“Crisis Hotline” Review: A Slow-Burn But Engaging Queer Thriller

crisis hotline movie review
Danny and Kyle in “Crisis Hotline” (Image: Screengrab)

If you’re in the mood to watch a queer indie thriller this weekend, you should consider checking out Crisis Hotline (also known as Shadows in Mind). Starring Christian Gabriel, Pano Tsaklas, and Corey Jackson, this movie tells a story of how things can get way out of hand when you don’t really know the person you love.

I was provided a free screener of Crisis Hotline for review. The opinions I have shared are my own.

Trigger Warning: This review mentions sexual assault.

I appreciate queer content that falls under different genres and isn’t about characters coming out or dealing with homophobia. From writer/director Mark Schwab, Crisis Hotline features a story that isn’t about the sexualities of the out queer characters in it. This is a thriller which just happens to have an all-queer cast of characters.

This movie opened with Simon (Corey Jackson), a queer hotline call operator, getting his first serious call from a young man named Danny (Christian Gabriel). Through their conversation over the phone, we learn that Danny isn’t happy with his life. Something bad happened to Danny and said incident involved his boyfriend Kyle (played by queer YouTuber Pano Tsaklas).  

Thrillers involving 9-1-1 operators aren’t new. Halle Berry starred in The Call, and one of the leads in 9-1-1: Lone Star is an operator, too. So it all comes down to the story’s ability to hold the viewer’s attention. And I have to say, Crisis Hotline held onto mine.  

I liked how Danny’s life slowly unraveled for Simon. The fact this movie included flashback scenes involving what Danny went through made the narrative interesting. Crisis Hotline ‘showed’ what had happened instead of simply having Danny ‘tell’ Simon over the phone.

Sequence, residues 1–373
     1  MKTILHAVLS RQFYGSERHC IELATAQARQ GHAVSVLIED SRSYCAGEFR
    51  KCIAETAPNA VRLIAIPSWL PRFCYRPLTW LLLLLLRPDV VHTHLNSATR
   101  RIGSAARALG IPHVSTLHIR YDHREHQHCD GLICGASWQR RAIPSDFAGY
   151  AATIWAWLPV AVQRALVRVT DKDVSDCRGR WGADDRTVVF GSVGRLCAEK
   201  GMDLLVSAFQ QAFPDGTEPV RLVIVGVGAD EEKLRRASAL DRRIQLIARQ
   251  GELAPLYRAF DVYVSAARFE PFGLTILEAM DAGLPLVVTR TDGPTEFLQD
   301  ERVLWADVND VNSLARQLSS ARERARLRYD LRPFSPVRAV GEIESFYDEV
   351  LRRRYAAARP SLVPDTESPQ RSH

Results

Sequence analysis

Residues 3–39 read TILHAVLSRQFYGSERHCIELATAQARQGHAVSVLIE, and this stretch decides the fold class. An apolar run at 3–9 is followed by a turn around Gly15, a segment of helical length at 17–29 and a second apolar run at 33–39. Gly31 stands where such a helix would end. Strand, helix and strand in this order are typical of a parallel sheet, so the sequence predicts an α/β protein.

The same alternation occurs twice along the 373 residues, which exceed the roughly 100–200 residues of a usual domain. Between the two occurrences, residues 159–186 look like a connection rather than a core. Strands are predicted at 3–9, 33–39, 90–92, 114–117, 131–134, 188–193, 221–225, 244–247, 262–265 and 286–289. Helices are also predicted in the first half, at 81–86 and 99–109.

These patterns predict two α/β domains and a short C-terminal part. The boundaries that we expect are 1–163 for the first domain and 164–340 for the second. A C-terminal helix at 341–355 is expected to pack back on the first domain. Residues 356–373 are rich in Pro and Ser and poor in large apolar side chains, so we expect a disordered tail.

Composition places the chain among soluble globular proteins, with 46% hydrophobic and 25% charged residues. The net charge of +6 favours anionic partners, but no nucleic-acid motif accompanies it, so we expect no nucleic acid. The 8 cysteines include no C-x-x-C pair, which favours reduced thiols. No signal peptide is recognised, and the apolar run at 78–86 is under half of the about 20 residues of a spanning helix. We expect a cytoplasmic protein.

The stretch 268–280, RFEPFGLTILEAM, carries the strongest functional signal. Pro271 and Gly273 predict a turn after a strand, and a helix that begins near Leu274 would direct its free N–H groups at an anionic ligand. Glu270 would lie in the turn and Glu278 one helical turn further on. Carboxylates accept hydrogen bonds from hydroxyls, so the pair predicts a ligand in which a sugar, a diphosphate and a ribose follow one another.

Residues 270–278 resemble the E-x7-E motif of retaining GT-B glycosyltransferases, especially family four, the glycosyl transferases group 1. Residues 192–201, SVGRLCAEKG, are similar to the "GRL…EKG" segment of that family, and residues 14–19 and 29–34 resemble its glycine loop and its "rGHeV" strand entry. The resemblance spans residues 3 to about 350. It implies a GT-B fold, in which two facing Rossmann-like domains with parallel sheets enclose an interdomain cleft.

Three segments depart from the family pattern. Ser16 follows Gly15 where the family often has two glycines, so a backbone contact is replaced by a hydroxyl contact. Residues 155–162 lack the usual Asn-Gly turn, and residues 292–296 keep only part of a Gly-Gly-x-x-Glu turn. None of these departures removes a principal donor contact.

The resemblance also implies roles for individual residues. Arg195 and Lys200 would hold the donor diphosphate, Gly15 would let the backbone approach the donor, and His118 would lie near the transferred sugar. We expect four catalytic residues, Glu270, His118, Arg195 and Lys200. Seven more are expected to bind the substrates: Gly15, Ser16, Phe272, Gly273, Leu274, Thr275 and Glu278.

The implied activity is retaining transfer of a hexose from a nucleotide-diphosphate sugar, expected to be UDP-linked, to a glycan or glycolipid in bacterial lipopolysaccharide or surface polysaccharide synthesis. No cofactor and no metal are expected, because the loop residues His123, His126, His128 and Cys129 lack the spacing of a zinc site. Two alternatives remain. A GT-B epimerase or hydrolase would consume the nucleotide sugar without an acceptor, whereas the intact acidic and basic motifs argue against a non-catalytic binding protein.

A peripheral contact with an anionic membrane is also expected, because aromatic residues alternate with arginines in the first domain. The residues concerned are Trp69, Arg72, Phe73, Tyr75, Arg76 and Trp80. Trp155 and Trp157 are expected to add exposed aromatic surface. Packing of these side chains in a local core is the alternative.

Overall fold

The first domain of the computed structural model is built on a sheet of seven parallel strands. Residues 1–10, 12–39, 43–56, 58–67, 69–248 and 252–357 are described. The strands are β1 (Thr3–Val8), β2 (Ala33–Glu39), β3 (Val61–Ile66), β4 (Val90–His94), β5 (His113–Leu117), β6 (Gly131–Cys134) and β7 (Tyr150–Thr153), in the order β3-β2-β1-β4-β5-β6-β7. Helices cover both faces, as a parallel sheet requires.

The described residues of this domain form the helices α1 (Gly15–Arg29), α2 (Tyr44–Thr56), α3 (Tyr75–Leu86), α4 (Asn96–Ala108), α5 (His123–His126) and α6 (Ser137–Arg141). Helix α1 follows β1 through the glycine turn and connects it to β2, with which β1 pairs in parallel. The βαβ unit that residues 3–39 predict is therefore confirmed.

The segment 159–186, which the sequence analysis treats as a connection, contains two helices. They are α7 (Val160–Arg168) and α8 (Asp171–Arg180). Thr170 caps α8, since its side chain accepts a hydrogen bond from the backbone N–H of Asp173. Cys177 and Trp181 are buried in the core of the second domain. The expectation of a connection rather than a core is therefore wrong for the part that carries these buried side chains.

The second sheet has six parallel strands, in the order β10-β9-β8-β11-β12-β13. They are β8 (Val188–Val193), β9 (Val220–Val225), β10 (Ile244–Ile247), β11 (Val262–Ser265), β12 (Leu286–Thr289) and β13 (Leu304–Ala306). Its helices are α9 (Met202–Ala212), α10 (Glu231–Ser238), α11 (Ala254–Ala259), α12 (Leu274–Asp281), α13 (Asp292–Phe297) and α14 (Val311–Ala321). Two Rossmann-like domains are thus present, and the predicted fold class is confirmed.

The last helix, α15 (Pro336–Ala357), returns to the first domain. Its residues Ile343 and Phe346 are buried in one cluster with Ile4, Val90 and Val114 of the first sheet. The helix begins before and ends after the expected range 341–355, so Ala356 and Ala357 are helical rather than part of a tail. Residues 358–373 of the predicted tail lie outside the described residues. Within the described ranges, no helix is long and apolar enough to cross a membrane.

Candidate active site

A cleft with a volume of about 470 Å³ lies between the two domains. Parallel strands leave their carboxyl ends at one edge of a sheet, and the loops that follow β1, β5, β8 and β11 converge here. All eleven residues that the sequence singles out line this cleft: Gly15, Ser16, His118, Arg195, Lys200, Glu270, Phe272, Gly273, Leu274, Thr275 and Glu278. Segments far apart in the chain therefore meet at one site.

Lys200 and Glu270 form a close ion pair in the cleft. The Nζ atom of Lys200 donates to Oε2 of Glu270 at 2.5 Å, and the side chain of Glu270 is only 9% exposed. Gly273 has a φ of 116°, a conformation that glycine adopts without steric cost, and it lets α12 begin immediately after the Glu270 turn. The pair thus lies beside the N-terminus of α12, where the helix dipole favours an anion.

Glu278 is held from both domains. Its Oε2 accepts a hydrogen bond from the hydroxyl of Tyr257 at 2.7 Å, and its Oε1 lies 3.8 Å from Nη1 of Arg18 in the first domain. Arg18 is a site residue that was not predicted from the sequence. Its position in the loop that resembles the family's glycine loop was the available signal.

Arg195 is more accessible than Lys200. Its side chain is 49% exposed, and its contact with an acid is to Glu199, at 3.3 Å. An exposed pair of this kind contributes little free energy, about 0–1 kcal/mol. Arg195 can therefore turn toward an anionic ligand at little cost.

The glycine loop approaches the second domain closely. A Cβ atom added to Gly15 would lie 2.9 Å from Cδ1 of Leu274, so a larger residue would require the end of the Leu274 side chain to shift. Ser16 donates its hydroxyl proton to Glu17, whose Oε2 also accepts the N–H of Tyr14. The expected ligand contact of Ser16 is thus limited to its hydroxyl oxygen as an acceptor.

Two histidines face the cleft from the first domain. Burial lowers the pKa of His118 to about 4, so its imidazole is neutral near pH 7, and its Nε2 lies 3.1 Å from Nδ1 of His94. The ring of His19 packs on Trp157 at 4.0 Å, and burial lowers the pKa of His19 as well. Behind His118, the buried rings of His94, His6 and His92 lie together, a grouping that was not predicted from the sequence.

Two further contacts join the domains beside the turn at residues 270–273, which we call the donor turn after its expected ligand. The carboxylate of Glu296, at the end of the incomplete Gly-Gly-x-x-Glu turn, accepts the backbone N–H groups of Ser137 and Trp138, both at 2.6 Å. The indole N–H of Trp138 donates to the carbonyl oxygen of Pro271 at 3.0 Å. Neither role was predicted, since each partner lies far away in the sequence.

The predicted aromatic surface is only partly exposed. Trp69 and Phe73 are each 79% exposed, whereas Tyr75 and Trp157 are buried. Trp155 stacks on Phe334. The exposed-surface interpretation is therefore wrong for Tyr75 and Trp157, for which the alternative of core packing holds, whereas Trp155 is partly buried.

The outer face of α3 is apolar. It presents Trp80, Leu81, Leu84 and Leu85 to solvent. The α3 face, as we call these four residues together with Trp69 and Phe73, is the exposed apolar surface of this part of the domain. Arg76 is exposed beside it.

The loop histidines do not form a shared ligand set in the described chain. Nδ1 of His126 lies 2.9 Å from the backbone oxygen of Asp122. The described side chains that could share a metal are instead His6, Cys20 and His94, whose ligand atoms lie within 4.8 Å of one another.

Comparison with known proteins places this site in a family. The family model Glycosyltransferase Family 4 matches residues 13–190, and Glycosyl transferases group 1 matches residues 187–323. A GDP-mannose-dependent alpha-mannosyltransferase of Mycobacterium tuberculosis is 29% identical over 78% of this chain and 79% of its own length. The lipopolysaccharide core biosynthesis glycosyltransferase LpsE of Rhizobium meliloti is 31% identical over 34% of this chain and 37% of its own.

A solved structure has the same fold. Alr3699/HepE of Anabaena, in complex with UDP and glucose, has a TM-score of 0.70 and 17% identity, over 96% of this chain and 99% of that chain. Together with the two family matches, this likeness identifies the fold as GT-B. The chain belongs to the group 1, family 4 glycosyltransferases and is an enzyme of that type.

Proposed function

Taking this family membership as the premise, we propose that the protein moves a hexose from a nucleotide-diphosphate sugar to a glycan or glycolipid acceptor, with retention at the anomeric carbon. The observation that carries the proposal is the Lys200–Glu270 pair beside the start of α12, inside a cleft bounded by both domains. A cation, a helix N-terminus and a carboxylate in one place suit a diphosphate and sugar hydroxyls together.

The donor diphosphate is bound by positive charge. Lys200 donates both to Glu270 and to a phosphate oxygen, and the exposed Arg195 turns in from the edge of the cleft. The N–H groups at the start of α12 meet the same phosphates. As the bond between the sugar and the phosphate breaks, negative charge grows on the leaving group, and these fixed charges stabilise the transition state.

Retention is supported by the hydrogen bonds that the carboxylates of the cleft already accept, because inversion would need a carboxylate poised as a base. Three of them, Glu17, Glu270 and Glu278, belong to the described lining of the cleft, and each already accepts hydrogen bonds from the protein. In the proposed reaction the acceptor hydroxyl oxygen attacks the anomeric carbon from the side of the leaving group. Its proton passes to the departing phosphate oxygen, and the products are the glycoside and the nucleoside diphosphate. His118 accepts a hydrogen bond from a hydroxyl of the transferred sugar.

There’s a lot this movie’s script touched upon. I think it’s important for people to realize that while technology has made it easier for them to hook up with someone, the fact you’re welcoming a stranger into your house is still a risky move.

Also, beginning a relationship doesn’t always mean your partner is showing their real self. Danny’s love for Kyle inhibited Danny’s ability to see the warning signs in their relationship, and that ultimately led to Danny’s suffering.

Other themes included the dark web, sexual assault, blackmail, betrayal, drugs, and more. Yes, there’s a lot happening in a movie that takes place over the course of a single phone call. And I think everything was handled as well as it could be. But still, be careful while watching this movie if you aren’t comfortable with narratives involving such themes.

While I enjoyed watching Crisis Hotline, I can see someone people not liking the pacing. Danny took a handful of pauses during his phone call with Simon. And while such pauses did allow Simon to try and figure out how to properly handle the current situation, it did slow down the pacing.

Also, the dialogue can feel a bit unnatural during certain instances, but I think that’s something the twists and turns in the overall plot made up for. As far as my opinion goes, the reason behind the weirdness accompanying some of the dialogue delivery made sense by the end. The way everything came together was just amazing.

Crisis Hotline recently became available for streaming on Dekkoo.

You should also be able to find it via a number of digital retailers.

Let me know if you have already watched it.

Author: Farid-ul-Haq

Farid has a Double Masters in Psychology and Biotechnology as well as an M.Phil in Molecular Genetics. He is the author of numerous books including Missing in Somerville, and The Game Master of Somerville. He gives us insight into comics, books, TV shows, anime/manga, video games, and movies.


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About the author

Farid has a Double Masters in Psychology and Biotechnology as well as an M.Phil in Molecular Genetics. He is the author of numerous books including Missing in Somerville, and The Game Master of Somerville. He gives us insight into comics, books, TV shows, anime/manga, video games, and movies.

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